1. Accept your own limits and be patient with those around you. Remember they are excited and want you to be excited as well, be gentle and patient with them.
  2. Prioritize which events, activities, parties etc., are the most important. As I stated above, be comfortable with saying no patiently and firmly.
  3. Self-care! Get a massage, go shopping for you, go out to eat with friends, read a book, garden, do whatever is it that you do to relax. Just because it’s the holidays, don’t forget to take care of you.
  4. If you feel you can’t celebrate this year because it’s too hard or maybe it just doesn’t mean as much to you. Do something else. Start taking vacations over the holidays. Maybe you start a brand new tradition for yourself.

Gift giving. Once Halloween is over you start seeing the Christmas displays in stores sooner if you are in to crafts, the ads on tv and radio start up. There can be a lot of pressure to find or make the perfect gift.

  1. Stay within your budget, don’t over spend so that then you continue to be depressed and stressed after the holidays by trying to pay off all of the debt you’ve accrued.
  2. A homemade gift can hold a very special place for many. One of our family traditions is to make Christmas candy and give it to friends and neighbors.
  3. Gifting your time as well is a great way to give. Helping a neighbor put up Christmas decorations, serving meals at a shelter, helping a family or friend with a project.

Daylight Savings Time, one of the things I loved and miss about Arizona is they don’t participate in the moving of the clocks twice a year. Leaving for work in the dark and coming home in the dark happens for many people. Not getting enough sun, can make your mental health symptoms worse.

  1. Go outside for walks during the day, even at work. Living in Florida it’s nice much of the year, go outside during lunch. On your days off, spend as much time outside absorbing that vitamin D and it will help with your mood.
  2. Regulate your sleep. If you have to get up earlier on your days off to get more sunlight, that means going to bed a little earlier.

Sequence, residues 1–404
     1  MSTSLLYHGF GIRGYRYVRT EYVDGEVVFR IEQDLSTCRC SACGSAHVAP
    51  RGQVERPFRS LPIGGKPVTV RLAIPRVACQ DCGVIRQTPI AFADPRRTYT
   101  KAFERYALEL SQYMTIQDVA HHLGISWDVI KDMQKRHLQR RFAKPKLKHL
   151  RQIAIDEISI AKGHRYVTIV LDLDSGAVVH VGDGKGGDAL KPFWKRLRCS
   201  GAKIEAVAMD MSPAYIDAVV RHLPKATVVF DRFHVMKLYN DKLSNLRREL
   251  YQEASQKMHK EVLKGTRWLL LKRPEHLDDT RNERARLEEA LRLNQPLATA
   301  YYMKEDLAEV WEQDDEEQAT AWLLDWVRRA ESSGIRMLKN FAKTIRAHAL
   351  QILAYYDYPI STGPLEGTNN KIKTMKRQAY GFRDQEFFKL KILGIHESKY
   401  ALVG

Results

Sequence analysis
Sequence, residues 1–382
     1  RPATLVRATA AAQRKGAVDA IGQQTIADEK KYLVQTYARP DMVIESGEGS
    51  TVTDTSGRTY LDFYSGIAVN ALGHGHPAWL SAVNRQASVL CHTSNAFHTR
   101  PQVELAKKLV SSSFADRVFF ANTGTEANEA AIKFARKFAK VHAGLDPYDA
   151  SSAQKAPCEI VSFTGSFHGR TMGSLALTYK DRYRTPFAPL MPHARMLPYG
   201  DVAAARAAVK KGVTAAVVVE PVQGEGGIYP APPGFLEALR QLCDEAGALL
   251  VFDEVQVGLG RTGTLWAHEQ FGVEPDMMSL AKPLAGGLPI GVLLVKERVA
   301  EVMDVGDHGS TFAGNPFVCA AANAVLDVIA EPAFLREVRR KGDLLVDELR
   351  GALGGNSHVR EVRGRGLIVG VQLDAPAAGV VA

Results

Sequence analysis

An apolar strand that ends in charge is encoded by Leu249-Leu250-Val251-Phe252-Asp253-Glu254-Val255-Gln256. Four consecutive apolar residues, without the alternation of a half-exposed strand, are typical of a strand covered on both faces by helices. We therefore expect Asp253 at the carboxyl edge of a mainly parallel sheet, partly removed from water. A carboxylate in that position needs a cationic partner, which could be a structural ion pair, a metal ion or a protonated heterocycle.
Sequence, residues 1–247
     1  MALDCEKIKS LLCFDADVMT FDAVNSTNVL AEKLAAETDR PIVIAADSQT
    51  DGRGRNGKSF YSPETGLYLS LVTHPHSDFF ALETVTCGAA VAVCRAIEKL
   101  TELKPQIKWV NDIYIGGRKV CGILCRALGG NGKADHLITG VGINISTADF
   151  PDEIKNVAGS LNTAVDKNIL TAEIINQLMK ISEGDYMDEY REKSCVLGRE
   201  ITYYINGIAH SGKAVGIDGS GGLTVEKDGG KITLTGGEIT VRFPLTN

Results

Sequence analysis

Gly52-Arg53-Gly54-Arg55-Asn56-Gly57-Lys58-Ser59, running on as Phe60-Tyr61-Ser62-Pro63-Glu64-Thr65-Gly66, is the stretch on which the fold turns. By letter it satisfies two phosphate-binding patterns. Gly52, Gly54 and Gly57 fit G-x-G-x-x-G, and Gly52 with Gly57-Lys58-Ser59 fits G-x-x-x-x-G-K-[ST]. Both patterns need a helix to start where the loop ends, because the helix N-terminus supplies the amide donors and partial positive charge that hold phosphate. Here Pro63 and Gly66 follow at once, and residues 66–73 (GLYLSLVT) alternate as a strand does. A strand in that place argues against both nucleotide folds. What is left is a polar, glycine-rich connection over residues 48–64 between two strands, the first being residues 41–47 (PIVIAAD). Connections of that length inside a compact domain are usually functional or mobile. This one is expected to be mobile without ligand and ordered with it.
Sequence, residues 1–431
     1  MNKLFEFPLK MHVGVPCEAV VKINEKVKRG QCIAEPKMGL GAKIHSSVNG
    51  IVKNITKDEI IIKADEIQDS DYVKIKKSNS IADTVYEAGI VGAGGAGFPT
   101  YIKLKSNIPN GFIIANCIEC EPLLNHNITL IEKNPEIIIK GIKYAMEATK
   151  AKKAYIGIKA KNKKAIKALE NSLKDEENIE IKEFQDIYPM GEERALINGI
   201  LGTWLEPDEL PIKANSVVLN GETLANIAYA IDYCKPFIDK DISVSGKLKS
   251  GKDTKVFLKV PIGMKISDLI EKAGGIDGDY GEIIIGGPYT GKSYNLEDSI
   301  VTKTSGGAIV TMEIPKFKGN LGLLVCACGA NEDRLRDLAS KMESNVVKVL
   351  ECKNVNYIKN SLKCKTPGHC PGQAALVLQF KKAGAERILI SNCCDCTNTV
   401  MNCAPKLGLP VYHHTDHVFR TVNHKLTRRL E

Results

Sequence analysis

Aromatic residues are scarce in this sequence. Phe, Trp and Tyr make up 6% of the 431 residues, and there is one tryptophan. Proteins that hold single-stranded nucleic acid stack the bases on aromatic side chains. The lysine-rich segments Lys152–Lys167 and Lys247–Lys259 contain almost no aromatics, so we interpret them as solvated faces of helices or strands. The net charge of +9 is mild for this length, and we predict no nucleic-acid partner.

3. Start exercising, one of the best things we can do for our mental and physical health is to get up and get moving.

Feeling alone or isolated. I will never forget my first Christmas away from family. I was so depressed, I sat in my little apartment and cried the majority of the day, feeling sorry for myself. After that, I made some big changes.

  1. Volunteer at a shelter. Helping others helps us to recognize how much we have to be grateful for.
  2. I always have volunteered to work Christmas day for co-workers who had young children. This helps me to feel a part of the season and lifts my mood.
  3. Take advantage of technology. My first Christmas alone, I had to wait to call my family until the evening time for long-distance, back in the day you had to pay extra for long distance calls.
  4. Self-care! I cannot emphasize enough how important this one is when you are struggling. Call friends and family, go for a walk, read, watch Netflix.

The holidays can be a hard time of the year for many people, you are not alone. If you feel that you need more help to get you through the season, please call Life Enhancement Counseling Services today at 407-443-8862 to schedule an appointment with one of our experienced mental health counselors.


LECS Counselor